Field Alert: Department of Justice Issues Report on “De-Deeming”

By | Published On: March 16, 2015

The Department of Justice (DOJ) has issued a Notice of Proposed Rulemaking Determination That an Individual Shall Not Be Deemed an Employee of the Public Health Service regarding “de-deeming”.  The NPRM was released March 6, 2015.  This proposed rule explains and interprets section 233(i) of the Federally Supported Health Centers Assistance Act.  This paragraph authorizes the Attorney General, in certain circumstances, to bar an individual clinician from participation in the FTCA program and requires a notice and hearing before the de-deeming can take effect. Comments must be submitted on or before May 5, 2015.

The NPRM outlines criteria and a process by which the DOJ can determine that an individual shall not be deemed an employee of the Public Health Services for purposes of FTCA as it may expose the Government to an unreasonably high degree of risk of loss. Proposed criteria, which mirror the statute, include one or more findings that the individual:

  • Did not comply with procedures set by the health center to reduce the risk of malpractice;
  • Has a history of malpractice claims filed against him or her (outside the norm for similarly licensed or certified providers in that specialty);
  • Refused to reasonably cooperate with the Attorney General (AG) in defending the claim;
  • Provided false information relevant to his or her duties in relation to the claim; and/or
  • Was the subject of disciplinary action taken by a state medical licensing authority or a state or national professional society.

The proposed Rule provides for due process in connection with a proposed determination to “de-deem” an individual, as outlined below:

  • Using the proposed criteria, a DOJ “Initiating Official” makes a determination that treating an individual as an employee of the Public Health Service for FTCA purposes may expose the Government to an unreasonably high degree of risk of loss.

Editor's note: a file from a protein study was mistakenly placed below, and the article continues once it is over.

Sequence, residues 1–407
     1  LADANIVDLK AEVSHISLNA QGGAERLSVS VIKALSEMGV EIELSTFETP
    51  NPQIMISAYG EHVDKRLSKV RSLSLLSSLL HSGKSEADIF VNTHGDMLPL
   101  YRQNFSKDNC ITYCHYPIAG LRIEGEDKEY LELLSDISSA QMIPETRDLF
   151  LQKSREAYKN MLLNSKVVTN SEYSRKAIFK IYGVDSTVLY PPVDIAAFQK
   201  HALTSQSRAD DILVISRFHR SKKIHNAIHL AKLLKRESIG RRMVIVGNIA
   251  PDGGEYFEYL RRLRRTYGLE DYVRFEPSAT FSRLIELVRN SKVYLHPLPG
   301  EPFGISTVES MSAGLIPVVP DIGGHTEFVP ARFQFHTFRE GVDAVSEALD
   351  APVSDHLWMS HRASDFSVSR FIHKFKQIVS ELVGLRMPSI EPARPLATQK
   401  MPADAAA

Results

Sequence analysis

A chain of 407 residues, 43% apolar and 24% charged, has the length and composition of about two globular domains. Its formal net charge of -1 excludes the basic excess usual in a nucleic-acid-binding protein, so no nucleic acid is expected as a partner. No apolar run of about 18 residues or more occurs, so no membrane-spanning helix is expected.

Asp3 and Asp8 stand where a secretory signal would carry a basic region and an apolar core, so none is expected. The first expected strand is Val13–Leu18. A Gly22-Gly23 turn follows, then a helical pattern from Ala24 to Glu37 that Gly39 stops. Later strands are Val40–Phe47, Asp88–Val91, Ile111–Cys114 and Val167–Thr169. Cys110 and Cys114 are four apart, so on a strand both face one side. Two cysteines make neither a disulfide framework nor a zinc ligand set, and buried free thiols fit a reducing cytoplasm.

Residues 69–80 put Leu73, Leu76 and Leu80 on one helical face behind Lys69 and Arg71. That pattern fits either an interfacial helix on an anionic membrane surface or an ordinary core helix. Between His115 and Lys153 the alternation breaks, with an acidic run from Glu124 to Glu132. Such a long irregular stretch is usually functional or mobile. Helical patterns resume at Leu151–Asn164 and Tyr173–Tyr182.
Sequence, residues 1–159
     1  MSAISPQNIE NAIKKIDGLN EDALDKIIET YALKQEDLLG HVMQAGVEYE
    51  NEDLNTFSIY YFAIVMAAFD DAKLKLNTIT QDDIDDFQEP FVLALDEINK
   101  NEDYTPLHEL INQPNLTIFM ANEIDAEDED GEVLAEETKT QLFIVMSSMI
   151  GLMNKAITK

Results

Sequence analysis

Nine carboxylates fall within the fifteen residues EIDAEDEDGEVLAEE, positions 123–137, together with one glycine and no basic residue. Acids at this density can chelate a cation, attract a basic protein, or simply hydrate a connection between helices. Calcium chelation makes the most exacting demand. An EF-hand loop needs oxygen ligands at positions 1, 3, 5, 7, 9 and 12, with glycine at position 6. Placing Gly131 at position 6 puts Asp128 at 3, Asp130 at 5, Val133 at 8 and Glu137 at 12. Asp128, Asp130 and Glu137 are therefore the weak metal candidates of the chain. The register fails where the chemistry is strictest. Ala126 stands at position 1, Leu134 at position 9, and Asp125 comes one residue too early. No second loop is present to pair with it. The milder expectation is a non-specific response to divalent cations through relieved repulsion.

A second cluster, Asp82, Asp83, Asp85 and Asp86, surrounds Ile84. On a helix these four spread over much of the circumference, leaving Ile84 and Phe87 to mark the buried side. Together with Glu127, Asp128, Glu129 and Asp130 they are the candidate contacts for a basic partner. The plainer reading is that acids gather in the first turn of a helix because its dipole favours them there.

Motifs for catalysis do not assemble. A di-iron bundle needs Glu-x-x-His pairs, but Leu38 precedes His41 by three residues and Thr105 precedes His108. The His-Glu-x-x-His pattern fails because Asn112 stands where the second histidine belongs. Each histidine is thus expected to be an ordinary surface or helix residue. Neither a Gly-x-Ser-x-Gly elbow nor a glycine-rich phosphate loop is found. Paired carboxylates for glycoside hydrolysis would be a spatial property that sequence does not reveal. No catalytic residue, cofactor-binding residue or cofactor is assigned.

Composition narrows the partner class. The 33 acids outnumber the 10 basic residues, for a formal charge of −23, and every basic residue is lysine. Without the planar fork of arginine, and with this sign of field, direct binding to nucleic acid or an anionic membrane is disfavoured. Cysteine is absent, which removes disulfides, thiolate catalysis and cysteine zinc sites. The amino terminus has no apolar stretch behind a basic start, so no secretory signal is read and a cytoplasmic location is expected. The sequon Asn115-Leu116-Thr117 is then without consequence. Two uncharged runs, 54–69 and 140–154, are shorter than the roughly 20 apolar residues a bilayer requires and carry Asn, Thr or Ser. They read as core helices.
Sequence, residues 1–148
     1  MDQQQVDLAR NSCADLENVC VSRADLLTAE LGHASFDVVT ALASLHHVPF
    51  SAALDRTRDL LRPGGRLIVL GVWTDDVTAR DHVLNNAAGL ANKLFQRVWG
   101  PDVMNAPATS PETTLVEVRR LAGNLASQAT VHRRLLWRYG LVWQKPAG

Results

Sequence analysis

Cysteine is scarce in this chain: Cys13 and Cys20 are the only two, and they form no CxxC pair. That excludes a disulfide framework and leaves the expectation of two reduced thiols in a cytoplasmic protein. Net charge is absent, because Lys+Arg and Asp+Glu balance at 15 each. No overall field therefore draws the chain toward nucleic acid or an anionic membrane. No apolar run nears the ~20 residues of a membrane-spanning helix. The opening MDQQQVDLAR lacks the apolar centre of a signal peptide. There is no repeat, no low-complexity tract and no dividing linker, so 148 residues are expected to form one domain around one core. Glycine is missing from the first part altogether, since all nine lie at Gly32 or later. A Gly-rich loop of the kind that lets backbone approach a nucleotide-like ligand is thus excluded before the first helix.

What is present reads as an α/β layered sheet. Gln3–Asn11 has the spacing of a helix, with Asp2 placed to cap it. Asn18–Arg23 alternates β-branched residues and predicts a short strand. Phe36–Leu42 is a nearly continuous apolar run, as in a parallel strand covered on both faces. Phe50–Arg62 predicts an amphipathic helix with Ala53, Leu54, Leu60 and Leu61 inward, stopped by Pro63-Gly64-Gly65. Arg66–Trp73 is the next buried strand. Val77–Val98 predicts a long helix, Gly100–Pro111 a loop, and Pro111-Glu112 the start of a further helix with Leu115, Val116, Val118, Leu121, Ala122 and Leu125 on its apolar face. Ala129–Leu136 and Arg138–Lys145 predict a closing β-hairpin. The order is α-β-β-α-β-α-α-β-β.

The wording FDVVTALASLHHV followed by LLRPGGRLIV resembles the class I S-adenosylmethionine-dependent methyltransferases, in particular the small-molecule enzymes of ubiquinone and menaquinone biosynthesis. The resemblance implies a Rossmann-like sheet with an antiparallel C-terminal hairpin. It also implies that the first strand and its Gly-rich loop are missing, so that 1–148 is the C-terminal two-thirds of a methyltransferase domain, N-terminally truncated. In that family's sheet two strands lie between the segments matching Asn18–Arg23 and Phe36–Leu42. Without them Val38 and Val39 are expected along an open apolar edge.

• After consultation with the Secretary of DHHS, the DOJ Initiating Official notifies the individual that an administrative hearing will be held.
  • Both parties have a brief period for discovery and depositions, to the extent allowed by an administrative law judge (ALJ).
  • ALJ conducts a hearing, submits written findings of fact, conclusions of law, and a recommended decision to the “Adjudicating Official.”
  • Both parties have 30 days to submit certain additional materials in response to the ALJ’s findings and recommendations.
  • Adjudicating Official makes a final agency determination.
  • A “de-deemed” individual may seek a rehearing if (s)he disagrees with the determination and, if unsuccessful, may apply for reinstatement after a period of time.
  • If an individual is “de-deemed,” DOJ will notify the National Practitioner Data Bank (NPDB) of the issuance of a final order deeming an individual not to be an employee of the Public Health Service under this rule.

Our initial concerns about the criteria and process under the proposed rule:

  • What constitutes an unreasonably high degree of risk of loss?
  • What is “outside the norm”?
  • How many claims constitute a “history” of malpractice claims?
  • What does it mean to be the “subject” of disciplinary action? What if an individual was not, in fact, disciplined?
  • Is notification to the National Practitioner Data Bank (NPDB) an appropriate sanction when de-deeming an individual?

Health centers that are interested in reading the Notice and providing comments can find it here.

Mr. Bree is a member of the New Jersey Bar and is not licensed in Washington, DC. His practice is limited to federal health care matters.

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